U.S. District Chief Judge William B. Bryant yesterday refused to make public the secret two-page report filed with him by the federal grand jury that began investigating South Korean influence-buying in Congress.
The federal panel filed the report with Bryant Monday at the end of its 18-month term. The Justice Department will continue presenting evidence to a new panel.
In a three-sentence order released yesterday. Bryant said only that "pertinent" legal authority required him to conclude that the document should remain secret.
The Washington Post reported on Monday that sources familiar with the investigation said the grand jury wanted to make critical references to Rep. Edward J. Derwinski, (R-III.).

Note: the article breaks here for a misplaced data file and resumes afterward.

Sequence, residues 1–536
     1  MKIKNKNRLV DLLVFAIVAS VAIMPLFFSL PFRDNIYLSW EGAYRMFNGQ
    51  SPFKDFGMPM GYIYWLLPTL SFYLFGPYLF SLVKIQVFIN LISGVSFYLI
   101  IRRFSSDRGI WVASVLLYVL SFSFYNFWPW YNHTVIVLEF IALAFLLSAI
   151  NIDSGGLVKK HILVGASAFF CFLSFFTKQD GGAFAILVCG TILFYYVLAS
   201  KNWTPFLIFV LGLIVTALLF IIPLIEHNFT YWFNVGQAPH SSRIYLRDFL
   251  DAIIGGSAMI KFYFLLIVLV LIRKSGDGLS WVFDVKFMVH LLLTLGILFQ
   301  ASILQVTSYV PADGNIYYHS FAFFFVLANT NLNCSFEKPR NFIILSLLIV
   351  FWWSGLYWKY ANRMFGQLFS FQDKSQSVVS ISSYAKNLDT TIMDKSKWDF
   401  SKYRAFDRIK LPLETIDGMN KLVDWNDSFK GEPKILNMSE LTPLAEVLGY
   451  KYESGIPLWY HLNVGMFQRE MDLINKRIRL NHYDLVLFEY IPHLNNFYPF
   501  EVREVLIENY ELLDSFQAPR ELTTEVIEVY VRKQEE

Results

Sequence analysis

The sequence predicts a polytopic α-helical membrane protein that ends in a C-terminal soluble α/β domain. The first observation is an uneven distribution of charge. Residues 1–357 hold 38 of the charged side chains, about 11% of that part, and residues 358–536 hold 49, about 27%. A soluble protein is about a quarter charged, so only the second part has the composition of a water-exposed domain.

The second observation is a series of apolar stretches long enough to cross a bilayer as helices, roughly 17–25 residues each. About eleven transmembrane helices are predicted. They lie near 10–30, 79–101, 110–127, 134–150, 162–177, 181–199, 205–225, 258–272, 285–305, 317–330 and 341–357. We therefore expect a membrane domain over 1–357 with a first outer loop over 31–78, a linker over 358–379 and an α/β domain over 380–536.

Members of the grand jury were convinced, sources said, that Derwinski was responsible for informing the South Korean government about the planned defection of one of its intelligence agents to the United States. Prosecutors reportedly told the grand jury that there was not enough evidence to support a criminal indictment of Derwinski.
Derwinski, who consistently has denied he played any role in the defection incident, has called for an investigation into the sources of the Post story. Bryant's ruling yesterday did not discuss that request.
Local and state grand juries often are allowed to filed critical reports on matters they investigate, but the main purpose of a federal grand jury is to determine "probable cause" as to whether a person, has committed a crime.
Sources also told the Post that the grand jury wanted its information about Derwinski forwarded to the House Committee on Standards for Official Conduct for possible disciplinary action. Bryant's order appears to preclude that step.